The road back to school this year is proving to be bumpy as districts across the nation grapple with school delays and closures as a result of bus driver shortages that have made headlines in Illinois, Kentucky, and Florida, to name a few.
The good news is that a growing number of states have passed law and policy with the goal of easing busing woes in years to come. Here’s a roundup of state policies that aim to modernize and improve K-12 transportation:
Arizona HB 2898
Arizona’s state legislature passed a budget to include $20 million in state funding for the continuation of the Transportation Modernization Grants Program, which initially launched in 2021, to support districts in developing efficient and effective transportation systems, including via partnership with alternate providers, nonprofits and local governments.
Colorado’s state legislature passed a bill to create a transportation task force that will publish a report by December 1, 2024 which must include recommendations to improve school transportation services for students. Additionally, Colorado has launched an electric school bus program with $65M in state funding to replace district diesel buses.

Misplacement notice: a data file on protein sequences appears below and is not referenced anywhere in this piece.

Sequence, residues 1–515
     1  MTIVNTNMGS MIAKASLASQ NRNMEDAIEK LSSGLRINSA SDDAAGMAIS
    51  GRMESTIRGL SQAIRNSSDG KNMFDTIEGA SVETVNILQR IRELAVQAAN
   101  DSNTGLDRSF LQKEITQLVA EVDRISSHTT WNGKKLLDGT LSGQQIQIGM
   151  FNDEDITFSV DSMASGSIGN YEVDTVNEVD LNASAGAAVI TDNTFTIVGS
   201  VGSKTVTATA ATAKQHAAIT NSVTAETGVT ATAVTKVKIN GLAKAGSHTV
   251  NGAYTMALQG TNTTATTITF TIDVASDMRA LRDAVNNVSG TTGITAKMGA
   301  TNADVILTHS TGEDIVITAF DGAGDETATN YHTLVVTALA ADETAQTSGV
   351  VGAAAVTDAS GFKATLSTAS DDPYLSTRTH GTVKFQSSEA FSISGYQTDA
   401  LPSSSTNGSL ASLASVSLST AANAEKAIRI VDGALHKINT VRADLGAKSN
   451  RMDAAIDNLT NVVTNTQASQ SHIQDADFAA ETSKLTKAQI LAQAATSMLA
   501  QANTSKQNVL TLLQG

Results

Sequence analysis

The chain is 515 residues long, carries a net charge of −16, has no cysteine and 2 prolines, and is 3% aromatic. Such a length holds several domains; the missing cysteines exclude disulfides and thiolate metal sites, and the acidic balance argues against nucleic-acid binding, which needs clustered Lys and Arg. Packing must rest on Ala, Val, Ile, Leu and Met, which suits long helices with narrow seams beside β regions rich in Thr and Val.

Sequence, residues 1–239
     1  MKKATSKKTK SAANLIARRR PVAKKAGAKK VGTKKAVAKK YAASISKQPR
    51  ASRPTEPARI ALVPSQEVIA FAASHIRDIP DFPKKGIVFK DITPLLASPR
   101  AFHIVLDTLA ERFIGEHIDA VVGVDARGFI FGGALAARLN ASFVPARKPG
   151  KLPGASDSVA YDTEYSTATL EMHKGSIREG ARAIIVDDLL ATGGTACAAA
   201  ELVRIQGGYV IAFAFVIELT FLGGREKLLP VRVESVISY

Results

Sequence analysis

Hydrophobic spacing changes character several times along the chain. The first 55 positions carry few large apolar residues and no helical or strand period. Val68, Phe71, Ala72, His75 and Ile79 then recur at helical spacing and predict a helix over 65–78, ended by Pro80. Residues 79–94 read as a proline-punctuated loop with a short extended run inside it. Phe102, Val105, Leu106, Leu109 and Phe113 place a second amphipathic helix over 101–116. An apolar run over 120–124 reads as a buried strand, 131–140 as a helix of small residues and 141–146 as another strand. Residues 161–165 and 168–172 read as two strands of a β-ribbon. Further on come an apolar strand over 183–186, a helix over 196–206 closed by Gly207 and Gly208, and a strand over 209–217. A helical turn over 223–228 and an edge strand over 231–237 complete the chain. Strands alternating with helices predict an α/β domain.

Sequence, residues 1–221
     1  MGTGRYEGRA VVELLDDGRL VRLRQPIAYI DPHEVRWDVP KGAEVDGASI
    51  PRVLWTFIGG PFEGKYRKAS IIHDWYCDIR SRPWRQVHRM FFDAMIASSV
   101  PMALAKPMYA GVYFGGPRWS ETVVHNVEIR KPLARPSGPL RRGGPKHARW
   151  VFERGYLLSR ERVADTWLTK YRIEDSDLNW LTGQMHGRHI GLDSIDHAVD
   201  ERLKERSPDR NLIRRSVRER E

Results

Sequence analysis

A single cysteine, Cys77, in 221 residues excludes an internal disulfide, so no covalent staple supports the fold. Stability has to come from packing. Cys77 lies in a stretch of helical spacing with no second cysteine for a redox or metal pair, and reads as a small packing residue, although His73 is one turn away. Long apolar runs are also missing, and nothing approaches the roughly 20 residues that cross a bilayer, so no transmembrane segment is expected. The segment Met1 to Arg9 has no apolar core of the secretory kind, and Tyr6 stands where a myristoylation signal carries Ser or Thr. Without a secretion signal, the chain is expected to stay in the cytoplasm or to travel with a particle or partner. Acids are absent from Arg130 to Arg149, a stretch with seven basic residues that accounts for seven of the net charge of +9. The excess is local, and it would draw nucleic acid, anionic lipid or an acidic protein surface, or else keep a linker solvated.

Florida HB 1
Gov. Ron DeSantis signed into law one of the nation’s most comprehensive education packages, which includes K-12 transportation reform and opportunities for innovation. Among other things, the bill: (1) Authorized districts to use alternate vehicles to transport students, (2) Removes requirement that district school boards use school buses for all regular transportation, (3) Eliminates prerequisites or any specific circumstances for when students can be transported in privately owned motor vehicles, and (4) Requires district superintendent and school board to adopt rules to ensure “safety, economy, and efficiency” for alternate vehicles.
Maryland HB 0696
In 2022, Maryland passed the Climate Solutions Now Act which set goals for reducing greenhouse gas emissions by 60 percent by 2031. In conjunction with the law’s implementation, the State has invested state funds in the pilot of an electric school bus program to reduce the up front costs of converting to electric buses for purposes of k-12 school transportation.
Montana SB 69
Montana amended state law to clarify that passenger vehicles used to transport students to and from school, extracurricular activities or in case of an emergency are not considered ‘school buses’ under state law.